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Three months into the Coronavirus lockdown, it is very likely that we will soon see cases where a Claimant has a breach of contract or tort claim, and the losses have been exacerbated as a result of COVID-19. There will undoubtedly be scope for argument over the extent to which such losses are recoverable from the Defendant.
Although the context of COVID-19 is unprecedented, it is unlikely that the courts will need to break new ground when assessing damages; they already have a full box of tools which can be deployed flexibly to achieve justice in a particular case. This article will deal briefly with four issues that are likely to arise: (i) date of assessment; (ii) remoteness; (iii) mitigation; (iv) scope of duty / the SAAMCO principle.
The normal rule for breach of contract is that losses are assessed as at the date of breach (The Golden Victory  2 AC 353.) However, this has never been an immutable rule, and the law in this area was significantly recast in the case of W Nagel (A Firm) v Pluczenik Diamond Company  EWCA Civ 2640. In that case the Court of Appeal said:
“… this is not a rule of law but merely a rule of thumb which reflects the usual result in practice of applying the mitigation principle where there is an available market. Where there is an available market, it is presumed that the claimant acting reasonably will enter the market at once and obtain a replacement performance. Hence applying the mitigation principle has the result of crystallising the claimant’s loss at or at least shortly after the time of breach. But where the mitigation principle does not yield this result – for example because there is no readily available market – subsequent losses (and gains) have to be brought into the calculation.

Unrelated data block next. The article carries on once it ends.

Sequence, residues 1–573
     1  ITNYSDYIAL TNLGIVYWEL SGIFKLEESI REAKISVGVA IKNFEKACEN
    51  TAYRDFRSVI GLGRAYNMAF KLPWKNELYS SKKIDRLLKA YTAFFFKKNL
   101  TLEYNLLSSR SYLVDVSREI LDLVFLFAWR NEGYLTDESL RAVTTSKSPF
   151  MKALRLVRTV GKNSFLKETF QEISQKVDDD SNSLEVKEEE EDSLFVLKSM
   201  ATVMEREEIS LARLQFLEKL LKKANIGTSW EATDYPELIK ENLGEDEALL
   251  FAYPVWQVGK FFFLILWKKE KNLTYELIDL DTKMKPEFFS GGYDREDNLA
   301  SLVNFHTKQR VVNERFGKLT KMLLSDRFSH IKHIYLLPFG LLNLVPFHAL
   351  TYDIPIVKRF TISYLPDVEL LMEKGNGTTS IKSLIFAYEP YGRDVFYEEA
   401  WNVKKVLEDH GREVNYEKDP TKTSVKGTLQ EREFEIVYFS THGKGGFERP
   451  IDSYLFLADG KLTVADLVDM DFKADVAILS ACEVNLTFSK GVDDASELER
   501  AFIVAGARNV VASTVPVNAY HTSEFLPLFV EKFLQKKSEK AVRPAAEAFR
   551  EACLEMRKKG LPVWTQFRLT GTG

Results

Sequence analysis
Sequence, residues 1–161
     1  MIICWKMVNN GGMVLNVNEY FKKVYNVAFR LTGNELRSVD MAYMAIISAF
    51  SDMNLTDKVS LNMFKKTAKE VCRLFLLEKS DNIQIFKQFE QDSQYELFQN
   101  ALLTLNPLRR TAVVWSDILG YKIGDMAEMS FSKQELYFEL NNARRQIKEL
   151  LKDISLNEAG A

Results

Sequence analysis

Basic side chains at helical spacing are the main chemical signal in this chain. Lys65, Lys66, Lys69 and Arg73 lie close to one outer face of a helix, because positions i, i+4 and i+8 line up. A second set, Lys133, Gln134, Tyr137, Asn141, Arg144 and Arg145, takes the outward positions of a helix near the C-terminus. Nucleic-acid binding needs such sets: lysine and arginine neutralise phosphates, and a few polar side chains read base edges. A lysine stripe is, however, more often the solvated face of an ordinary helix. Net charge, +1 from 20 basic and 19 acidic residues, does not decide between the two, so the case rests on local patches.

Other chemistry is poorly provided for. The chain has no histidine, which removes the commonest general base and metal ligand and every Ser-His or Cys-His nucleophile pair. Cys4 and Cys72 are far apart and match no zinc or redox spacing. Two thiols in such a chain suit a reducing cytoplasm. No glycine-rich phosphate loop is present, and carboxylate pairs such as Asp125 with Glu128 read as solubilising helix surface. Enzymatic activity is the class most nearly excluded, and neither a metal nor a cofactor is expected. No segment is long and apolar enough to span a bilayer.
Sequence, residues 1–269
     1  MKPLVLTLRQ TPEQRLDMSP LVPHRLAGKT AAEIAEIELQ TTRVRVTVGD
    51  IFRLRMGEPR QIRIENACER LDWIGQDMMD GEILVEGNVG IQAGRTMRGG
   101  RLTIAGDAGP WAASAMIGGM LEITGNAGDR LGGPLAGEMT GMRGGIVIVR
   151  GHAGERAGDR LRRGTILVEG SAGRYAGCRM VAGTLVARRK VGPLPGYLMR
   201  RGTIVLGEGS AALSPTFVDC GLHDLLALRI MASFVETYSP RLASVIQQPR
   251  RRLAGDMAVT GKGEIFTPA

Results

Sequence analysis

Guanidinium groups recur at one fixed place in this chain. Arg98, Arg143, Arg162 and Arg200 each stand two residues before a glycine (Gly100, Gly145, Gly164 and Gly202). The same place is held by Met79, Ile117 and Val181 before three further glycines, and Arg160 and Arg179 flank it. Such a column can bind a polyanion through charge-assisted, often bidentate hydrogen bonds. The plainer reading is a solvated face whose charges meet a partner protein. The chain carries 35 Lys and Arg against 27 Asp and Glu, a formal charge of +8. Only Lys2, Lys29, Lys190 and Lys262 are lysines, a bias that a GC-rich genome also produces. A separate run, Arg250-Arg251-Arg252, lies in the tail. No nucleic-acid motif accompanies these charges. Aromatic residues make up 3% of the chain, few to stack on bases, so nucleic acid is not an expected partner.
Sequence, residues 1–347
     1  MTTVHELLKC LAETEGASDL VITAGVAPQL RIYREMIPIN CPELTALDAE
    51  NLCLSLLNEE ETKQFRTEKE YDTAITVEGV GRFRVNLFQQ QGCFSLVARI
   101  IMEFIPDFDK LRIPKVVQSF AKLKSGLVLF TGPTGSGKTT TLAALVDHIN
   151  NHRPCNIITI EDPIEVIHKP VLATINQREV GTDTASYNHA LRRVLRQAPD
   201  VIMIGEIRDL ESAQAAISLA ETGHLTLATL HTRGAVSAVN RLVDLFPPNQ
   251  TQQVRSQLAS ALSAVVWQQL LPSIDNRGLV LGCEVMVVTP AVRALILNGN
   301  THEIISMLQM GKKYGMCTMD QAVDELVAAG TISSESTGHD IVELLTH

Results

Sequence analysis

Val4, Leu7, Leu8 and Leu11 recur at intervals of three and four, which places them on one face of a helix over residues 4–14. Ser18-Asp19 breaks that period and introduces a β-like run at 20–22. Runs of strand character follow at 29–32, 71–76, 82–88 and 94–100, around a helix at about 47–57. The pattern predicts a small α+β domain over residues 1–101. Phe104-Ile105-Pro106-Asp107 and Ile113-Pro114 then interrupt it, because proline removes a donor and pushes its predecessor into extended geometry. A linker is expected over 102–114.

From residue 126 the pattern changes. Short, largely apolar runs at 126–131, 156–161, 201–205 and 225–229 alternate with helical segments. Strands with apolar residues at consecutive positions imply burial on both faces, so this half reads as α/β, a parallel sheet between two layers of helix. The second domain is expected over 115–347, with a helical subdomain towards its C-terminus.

It is easy to imagine how, in a COVID-19 context, there may be many reasons why it was not reasonable for an innocent party to mitigate their loss immediately. In particular, there may well be situations (as the Court of Appeal envisaged in Pluczenik Diamond) where there is no available market. These circumstances may allow for an argument that a different date for assessment of loss should be chosen, although this will turn on questions of fact as to the relevant sector in which the contract was concluded.
For breach of contract, the classic principle is derived from Hadley v Baxendale (1854) 9 Ex. 341, Victoria Laundry  2 K.B. 528 and The Heron II  1 A.C. 350. As expressed in Chitty on Contracts (33rd ed):
“A type or kind of loss is not too remote a consequence of a breach of contract if, at the time of contracting (and on the assumption that the parties actually foresaw the breach in question), it was within their reasonable contemplation as a not unlikely result of that breach.”
For tort, the rule is slightly different and is derived from The Wagon Mound  A.C. 388 PC: what losses were reasonably foreseeable as at the date of breach?
In both contract and tort, it is the type of kind of loss that matters, not the extent or causal mechanism of that loss (Parsons (Livestock) Ltd v Uttley, Ingham & Co Ltd  Q.B. 791 (contract); The Wagon Mound  A.C. 388 PC (tort)). Applied to the present circumstances, as a general principle, the fact that losses have been significantly increased by COVID (which itself was unforeseeable) does not mean that the losses will be too remote.